What is Legal Malpractice?  Do I have a case?

Aaron Morris, J.D.         

Just because you lost, even a case that seemed clear-cut, does not mean your attorney did anything wrong.  Every case is subject to an arbitrary judge or a jury that fails to understand the facts.  In every case, someone wins and someone loses.  That does not mean the loser received bad representation.

Legal malpractice arises when your lawyer's performance fell below the standard of care in the industry.  That is the first burden of proof; showing that the attorney was negligent.  But that is not the end of the story.  It is possible that your attorney was negligent, but it didn't cause you any harm.  To use a simple fact pattern to illustrate the point, assume that a defendant owes money under a promissory note, and has absolutely no defense.  If the attorney fails to show up on the day of trial, that is clearly negligent, but would the outcome have been any different if there was no defense to the money owing?  If not, then the defendant did not really suffer any damages.  In other words, the attorney's negligence was not the cause of the damage award.  The defendant would have a breach of contract action against the attorney since he or she failed to perform the duties promised, but there would be no legal malpractice action.

Some cases of legal malpractice are clear cut.  A client retains an attorney to file a personal injury action, but the attorney fails to file the complaint before the statute of limitations expires.  That is below the standard of care, and the attorney would be liable for the damages the client could have recovered if the action had been filed on time.  But many cases are far more subtle.  The attorney did not conduct sufficient discovery, and was missing some important evidence at trial.  Did that make the difference in the verdict?  Even if it did, was the attorney's failure to obtain that information below the standard of care?  An ethical attorney is constantly making cost/benefit determinations in order to keep down the legal fees.

In one case a client asked me to present a detailed litigation plan.  In the plan I presented, I listed depositions of just four witnesses.  Between the court reporter fees and my time, depositions are costly, so I had limited the depositions to only those witnesses I felt were crucial.  The client was stunned, and provided me with a list of 25 witnesses he wanted deposed, stating they were all essential to proving the case.  Through the next few months as the case proceeded, I managed to convince him to stick to my plan, and take only the depositions of the four witnesses.  We won the case, and were awarded every penny of the damages we requested, all without taking those additional 21 depositions.  That saved the client at least $50,000.  You can bet, however, that if we had not prevailed in the action, he would have blamed it on the failure to take those 21 additional depositions.  An ethical attorney must make those kinds of decisions, and it is not legal malpractice unless the decision falls below the standard of care.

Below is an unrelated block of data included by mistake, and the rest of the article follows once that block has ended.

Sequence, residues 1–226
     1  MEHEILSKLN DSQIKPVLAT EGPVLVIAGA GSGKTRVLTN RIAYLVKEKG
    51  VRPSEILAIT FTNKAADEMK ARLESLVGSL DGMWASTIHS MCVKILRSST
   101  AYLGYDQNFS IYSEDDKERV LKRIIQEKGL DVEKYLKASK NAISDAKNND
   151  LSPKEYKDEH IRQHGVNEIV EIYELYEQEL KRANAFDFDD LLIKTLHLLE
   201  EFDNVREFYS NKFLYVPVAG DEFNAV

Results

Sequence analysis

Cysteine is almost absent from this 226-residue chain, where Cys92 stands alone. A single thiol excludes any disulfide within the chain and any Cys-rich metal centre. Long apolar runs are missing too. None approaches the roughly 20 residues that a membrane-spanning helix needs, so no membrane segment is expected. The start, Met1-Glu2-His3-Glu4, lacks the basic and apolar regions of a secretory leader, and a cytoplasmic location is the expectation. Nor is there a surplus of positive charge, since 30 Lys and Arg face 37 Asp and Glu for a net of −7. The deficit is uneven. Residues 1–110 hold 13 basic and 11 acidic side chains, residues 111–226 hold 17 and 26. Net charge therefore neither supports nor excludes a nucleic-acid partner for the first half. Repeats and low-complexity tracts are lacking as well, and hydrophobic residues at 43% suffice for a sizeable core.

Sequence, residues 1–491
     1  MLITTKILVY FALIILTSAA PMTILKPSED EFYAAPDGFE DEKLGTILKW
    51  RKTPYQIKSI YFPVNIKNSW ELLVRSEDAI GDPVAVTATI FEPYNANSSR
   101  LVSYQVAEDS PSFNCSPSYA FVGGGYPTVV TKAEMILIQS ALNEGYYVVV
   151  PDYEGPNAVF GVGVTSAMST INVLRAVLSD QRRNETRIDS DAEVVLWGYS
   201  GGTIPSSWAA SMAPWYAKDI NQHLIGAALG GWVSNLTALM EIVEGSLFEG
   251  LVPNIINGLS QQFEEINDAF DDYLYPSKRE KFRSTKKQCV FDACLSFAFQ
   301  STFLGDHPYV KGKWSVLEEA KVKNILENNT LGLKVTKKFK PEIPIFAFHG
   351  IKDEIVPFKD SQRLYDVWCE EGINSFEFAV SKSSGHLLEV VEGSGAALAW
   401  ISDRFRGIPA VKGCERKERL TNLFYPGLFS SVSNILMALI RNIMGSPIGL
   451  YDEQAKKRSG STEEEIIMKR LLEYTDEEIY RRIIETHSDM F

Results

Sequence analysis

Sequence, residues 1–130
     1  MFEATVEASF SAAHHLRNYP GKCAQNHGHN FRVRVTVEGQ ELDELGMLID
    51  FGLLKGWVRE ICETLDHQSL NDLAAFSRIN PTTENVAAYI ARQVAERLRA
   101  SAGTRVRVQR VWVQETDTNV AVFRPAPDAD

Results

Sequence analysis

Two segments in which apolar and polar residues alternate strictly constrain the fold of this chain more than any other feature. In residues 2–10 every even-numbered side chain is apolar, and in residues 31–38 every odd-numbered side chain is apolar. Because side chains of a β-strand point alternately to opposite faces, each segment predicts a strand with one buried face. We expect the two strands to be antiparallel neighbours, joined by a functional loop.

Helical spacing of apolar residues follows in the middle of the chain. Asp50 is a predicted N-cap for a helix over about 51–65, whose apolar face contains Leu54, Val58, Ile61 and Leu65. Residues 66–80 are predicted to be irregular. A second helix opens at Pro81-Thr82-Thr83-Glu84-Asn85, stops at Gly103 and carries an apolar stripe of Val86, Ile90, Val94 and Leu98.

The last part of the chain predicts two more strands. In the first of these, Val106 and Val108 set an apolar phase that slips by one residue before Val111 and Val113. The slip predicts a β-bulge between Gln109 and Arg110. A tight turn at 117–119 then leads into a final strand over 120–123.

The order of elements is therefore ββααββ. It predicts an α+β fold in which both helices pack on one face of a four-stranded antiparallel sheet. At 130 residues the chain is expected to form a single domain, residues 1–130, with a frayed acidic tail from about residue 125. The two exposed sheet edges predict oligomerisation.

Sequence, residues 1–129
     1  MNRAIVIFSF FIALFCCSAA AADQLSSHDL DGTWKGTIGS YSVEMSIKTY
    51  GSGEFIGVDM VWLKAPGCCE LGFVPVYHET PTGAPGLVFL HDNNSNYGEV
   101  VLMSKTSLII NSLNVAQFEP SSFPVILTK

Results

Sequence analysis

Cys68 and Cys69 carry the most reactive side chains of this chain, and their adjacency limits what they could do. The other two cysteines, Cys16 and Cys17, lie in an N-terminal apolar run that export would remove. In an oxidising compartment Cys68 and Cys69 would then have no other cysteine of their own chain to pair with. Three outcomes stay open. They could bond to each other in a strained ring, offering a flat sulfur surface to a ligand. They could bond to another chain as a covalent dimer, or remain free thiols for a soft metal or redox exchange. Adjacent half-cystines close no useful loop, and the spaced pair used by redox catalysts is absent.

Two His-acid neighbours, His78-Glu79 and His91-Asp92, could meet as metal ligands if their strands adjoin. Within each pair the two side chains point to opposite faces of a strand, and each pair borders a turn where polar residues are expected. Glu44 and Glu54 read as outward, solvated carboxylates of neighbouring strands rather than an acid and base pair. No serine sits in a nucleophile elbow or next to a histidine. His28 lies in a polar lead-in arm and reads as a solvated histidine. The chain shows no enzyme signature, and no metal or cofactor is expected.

Only an experienced Legal Malpractice attorney can determine whether an attorney's conduct fell below the standard.  We have that experience at Morris & Stone.  When you call, I may be able to determine from your description of what happened whether you suffered legal malpractice.  There is no charge for this consultation.  However, it may be necessary to review the file to make a proper determination if the facts are not so clear cut.  For this I must charge for my time, but if I determine that your former counsel committed malpractice, I will usually take the case on a contingency basis and credit you back the hourly fee.  Under this arrangement, you pay nothing unless we prevail.


Aaron Morris is a Partner with the law firm of Morris & Stone, LLP, located in Santa Ana, Orange County, California.  He can be reached at (714) 954-0700, or amorris@toplawfirm.com.  The practice areas of Morris & Stone include employment law (wrongful termination, sexual harassment, wage/overtime claims), business litigation (breach of contract, trade secret, partnership dissolution, unfair business practices, etc.), real estate and construction disputes, first amendment law, Internet law, discrimination claims, defamation suits, and legal malpractice.



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The Orange County litigation law firm of Morris & Stone provides litigation and civil lawsuit legal services to clients in Southern California, in Orange County, Riverside County, San Diego County, and Los Angeles County; in cities including Newport Beach, Los Angeles, San Diego, Irvine, Costa Mesa, Laguna Beach, Laguna Niguel, Huntington Beach, Santa Ana, Mission Viejo, Orange, Fountain Valley, Tustin, Anaheim, and Fullerton.  For practice areas not handled by Morris & Stone, be sure to visit Best Orange County Lawyers.  For news on business litigation and Internet Defamation, visit Aaron Morris' blogs.  Copyright 2014. Morris & Stone, LLP. Law Firm Marketing.  All Rights Reserved.